Mark 14:5 MEANING

Mark 14:5
(5) For more than three hundred pence.--The specific mention of the sum, not given by St. Matthew, is one of the few points common to St. Mark and St. John (John 12:5).

Verse 5. - For this ointment might have been sold for above three hundred pence, and given to the poor. Three hundred pence would amount to about £10 12s. 6d. of English money. It appears from St. John (John 13:29) that the wants of the poor were carefully attended to by our Lord and his disciples. And they murmured against her ἐνεβριμῶντο); another very expressive verb in the original, they growled at her; rebuked her vehemently.

14:1-11 Did Christ pour out his soul unto death for us, and shall we think any thing too precious for him? Do we give him the precious ointment of our best affections? Let us love him with all the heart, though it is common for zeal and affection to be misunderstood and blamed; and remember that charity to the poor will not excuse any from particular acts of piety to the Lord Jesus. Christ commended this woman's pious attention to the notice of believers in all ages. Those who honour Christ he will honour. Covetousness was Judas' master lust, and that betrayed him to the sin of betraying his Master; the devil suited his temptation to that, and so conquered him. And see what wicked contrivances many have in their sinful pursuits; but what appears to forward their plans, will prove curses in the end.For it might have been sold for more than three hundred pence,.... Which, was to the value of our money nine pounds, seven shillings, and sixpence:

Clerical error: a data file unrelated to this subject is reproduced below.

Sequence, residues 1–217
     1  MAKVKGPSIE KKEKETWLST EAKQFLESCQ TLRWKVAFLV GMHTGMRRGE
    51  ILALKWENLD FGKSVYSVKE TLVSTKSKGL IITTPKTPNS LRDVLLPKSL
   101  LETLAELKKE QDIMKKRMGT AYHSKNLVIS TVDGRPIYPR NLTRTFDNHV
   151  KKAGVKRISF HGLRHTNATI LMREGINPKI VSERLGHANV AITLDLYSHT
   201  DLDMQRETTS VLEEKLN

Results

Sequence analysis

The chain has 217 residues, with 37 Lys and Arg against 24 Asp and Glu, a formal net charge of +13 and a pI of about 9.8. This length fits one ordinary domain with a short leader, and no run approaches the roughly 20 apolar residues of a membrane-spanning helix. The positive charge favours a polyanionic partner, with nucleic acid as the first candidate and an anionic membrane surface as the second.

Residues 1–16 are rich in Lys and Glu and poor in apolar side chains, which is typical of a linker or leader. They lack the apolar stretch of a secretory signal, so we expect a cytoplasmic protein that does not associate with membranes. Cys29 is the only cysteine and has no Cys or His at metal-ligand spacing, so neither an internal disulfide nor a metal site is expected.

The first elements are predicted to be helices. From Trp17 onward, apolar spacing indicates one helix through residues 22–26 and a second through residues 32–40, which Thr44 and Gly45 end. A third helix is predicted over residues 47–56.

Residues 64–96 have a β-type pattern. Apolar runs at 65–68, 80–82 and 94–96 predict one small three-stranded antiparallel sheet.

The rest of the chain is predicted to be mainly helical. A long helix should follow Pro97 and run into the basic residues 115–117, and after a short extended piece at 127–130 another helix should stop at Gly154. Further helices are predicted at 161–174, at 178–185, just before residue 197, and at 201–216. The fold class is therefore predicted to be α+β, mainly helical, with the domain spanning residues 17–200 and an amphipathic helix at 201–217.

and given to the poor; which was thought to be a better way of expending it, than by pouring it on the head of Christ:

and they murmured against her: that she should lavish so much money away in such an imprudent manner; they reproved her for it, expressed much resentment at it, and were very angry with, her upon the account of it; See Gill on Matthew 26:8, Matthew 26:9.

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